Flux: A Machine Learning Framework for Julia

There was a HUGE announcement on the Julia blog a few days ago. The convergence of a language for machine learning and marrying it with a compiler just got a bit closer. Julia announced Flux, a machine learning frame work for Julia. 

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Deploying Julia with Domo

This is a short by great video of Julia in production with Domo.


JuliaCon 2018 Julia with Domo

I really like Julia. A lot.





Notes from the video:

  • Java backend, some C++ and some Go
  • Want to be scale analytics
  • Julia iterates quickly
  • Math and Statistics are right there, easy accessible
  • Uses Resources.jl, Events.jl to Service.jl to Mapper.jl
  • All analytics done at the Service.jl layer
  • Wrapped up via Docker (this is pretty cool)
  • Includes all dependencies on docker image, great way to upgrade everything in one spot
  • Deploy into Kubernetes environment OR cloud instance
  • Open sourced config handling, context setting/handling, and process data-sharing

Mashing Up Julia Language with RapidMiner

If you want to execute any Python in RapidMiner, you have to use the Execute Python operator. This operator makes things so simple that people use the hell out o fit. However, it wasn’t so simple in the “old days.” It could still be done but it required more effort, and that’s what I did with the Julia Language. I mashed up the Julia Language with RapidMiner with only a few extra steps.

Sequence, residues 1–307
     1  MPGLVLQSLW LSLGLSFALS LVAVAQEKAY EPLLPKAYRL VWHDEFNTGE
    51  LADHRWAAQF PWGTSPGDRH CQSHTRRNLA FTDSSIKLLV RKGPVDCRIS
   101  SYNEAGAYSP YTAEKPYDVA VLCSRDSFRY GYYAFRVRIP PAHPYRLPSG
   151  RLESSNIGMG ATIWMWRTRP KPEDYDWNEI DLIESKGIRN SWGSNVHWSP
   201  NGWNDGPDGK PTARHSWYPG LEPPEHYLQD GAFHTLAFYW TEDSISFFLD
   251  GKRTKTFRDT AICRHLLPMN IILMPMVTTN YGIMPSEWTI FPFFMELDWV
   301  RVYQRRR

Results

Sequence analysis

The way we mashed up other programs and languages in the old days was to use the Execute Program operator. That operator let’s you execute arbitrary programs in RapidMiner within the process. Want to kick of some Java at run time? You could do it. Want to use Python? You could do that (and I did) too!

The best part? You can still use this operator today and that’s what I did with Julia. Mind you, this is tutorial is a simple Proof of Concept, I didn’t do anything fancy, but it works.

What I did was take some a RapidMiner sample data set (Golf) and pass it to a Julia script that writes it out as a CSV file. I save the CSV file to a working directory defined by the Julia script.

Tutorial Processes

A few prerequisites, you’ll need RapidMiner and Julia installed. Make sure your Julia path is correct in your environment variables. I had some trouble in Windows with this but it worked fine after I fixed it.

Below you’ll find the XML for the Rapidminer process and the simple Julia script. I named the script read.jl and called from my Dropbox, you’ll need to repath this on your computer.

The RapidMiner Process


The Julia Language script

Note: You’ll need to “Pkg.add(“Dataframes”)” to Julia first.

Of course the next steps is to write a more defined Julia script, pass the data back INTO RapidMiner, and then continue processing it downstream.